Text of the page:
Redmi K30 Pro crams 61 sections per sq centimeter with ‘Stacked Motherboard’ design

March 21st, 2020   Penny Snow   news Tags: , ,

Redmi, the year-old subbrand of Xiaomi will be announcing its upcoming flagship telephone Redmi K30 Pro on March 24 in China. Ever due to the fact the brand introduced the launch date, it has been teasing the specification of the smartphone for a some days presently.

Continuing the trend, the brand’s General Manager Lu Weibing Presently unfolded that the next Redmi K30 Pro will cram in up to 61 components per square centimeter in its chassis.

Redmi K30 Pro crams 61 components per sq centimeter with ‘Stacked Motherboard’ design 2

A couple of days back, Mr. Lu explained the difficulties involved in implementing pop-up digital camera design in 5G phones. He said that 5G components need more space and hence manufacturers have been avoiding pop-up cameras lately in 5G devices with Redmi K30 Pro being an exception. He In addition added that 5G phones require a bigger battery and much better thermal overall performance, what Sad to say cannot be achieved by dividing the motherboard into two sections – a common design in smartphones with pop-up cameras.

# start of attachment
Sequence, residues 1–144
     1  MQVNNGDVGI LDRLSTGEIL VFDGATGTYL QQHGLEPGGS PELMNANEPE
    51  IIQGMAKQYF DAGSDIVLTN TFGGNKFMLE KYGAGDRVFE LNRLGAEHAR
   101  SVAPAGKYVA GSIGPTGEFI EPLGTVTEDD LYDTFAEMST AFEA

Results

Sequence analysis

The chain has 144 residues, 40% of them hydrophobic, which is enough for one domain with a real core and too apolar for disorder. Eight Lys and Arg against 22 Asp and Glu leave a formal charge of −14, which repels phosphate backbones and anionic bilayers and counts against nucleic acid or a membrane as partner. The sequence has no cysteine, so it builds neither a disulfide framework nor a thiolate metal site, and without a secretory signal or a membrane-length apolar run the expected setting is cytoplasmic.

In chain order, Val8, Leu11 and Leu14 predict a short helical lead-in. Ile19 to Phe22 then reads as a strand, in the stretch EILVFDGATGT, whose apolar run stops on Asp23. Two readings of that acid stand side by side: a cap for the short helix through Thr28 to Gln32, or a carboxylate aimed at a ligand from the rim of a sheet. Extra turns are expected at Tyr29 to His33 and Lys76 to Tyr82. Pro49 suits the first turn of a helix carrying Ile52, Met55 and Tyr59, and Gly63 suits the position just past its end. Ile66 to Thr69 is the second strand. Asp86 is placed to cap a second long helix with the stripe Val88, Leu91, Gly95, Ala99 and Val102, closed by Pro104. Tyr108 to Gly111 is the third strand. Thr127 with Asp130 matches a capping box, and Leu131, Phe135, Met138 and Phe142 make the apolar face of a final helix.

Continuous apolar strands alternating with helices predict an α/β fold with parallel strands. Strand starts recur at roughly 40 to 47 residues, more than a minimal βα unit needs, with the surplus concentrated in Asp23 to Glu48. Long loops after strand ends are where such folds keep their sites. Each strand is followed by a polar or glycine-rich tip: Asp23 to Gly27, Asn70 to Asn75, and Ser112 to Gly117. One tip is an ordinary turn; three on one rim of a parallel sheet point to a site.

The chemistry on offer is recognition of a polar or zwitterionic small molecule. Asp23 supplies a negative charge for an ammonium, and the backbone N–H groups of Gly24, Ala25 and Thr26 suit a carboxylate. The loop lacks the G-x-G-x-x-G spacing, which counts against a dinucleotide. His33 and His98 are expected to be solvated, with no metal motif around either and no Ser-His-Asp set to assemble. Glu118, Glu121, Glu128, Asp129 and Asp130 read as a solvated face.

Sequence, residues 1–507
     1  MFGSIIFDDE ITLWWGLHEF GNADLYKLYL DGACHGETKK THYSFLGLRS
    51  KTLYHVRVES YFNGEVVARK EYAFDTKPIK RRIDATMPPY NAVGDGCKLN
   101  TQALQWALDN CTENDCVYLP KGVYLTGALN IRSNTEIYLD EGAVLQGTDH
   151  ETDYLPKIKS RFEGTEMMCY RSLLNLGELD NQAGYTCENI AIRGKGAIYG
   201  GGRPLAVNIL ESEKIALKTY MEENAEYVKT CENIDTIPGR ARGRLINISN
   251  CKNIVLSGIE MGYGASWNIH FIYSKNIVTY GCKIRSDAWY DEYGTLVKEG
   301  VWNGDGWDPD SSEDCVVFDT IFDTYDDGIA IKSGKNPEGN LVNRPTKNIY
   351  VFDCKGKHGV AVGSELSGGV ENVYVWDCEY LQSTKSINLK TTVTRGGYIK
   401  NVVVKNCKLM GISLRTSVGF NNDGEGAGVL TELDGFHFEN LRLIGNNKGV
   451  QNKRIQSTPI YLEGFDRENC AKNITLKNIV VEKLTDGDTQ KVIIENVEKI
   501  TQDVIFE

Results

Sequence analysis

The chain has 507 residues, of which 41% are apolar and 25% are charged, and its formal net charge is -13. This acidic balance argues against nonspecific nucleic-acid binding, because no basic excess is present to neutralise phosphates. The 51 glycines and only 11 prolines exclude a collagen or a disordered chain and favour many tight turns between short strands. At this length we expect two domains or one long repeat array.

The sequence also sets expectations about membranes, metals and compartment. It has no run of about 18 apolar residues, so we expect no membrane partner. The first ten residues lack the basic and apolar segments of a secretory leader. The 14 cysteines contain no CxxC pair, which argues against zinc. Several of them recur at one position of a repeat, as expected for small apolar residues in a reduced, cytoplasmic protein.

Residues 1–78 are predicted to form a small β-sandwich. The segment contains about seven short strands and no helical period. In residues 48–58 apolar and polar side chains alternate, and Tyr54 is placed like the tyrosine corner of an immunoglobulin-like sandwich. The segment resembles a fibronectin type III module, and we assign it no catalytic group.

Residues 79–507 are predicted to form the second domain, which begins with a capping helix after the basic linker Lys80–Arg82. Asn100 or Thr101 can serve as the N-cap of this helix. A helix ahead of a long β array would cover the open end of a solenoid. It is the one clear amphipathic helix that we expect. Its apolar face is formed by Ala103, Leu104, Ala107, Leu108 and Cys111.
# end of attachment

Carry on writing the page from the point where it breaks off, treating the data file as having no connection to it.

Redmi K30 Pro crams 61 components per sq centimeter with ‘Stacked Motherboard’ design 3

Thus, Redmi K30 Pro opted for a alternative prepare that compelled the brand to adopt the now-common sandwich (stacked) motherboard design present in flagship phones as its parent company’s Mi 10 Pro. As per Mr. Lu, the product will cram in up to 61 parts per square centimeter by stacking up one motherboard more than an additional. He also said that the phone will include 3885 parts, what is 268% much more than that of last year’s Redmi K20 Pro.

Redmi K30 Pro crams 61 components per sq centimeter with ‘Stacked Motherboard’ design

He Furthermore confirmed that the pop-up camera will pop in / out within 0.58 seconds, thanks to the new stepper motor with a speed of 14.2mm per second, up from 11.5mm per second of its predecessor. That means, it will be 27% faster than the last generation and hence will retract quicker than before during accidental falls.

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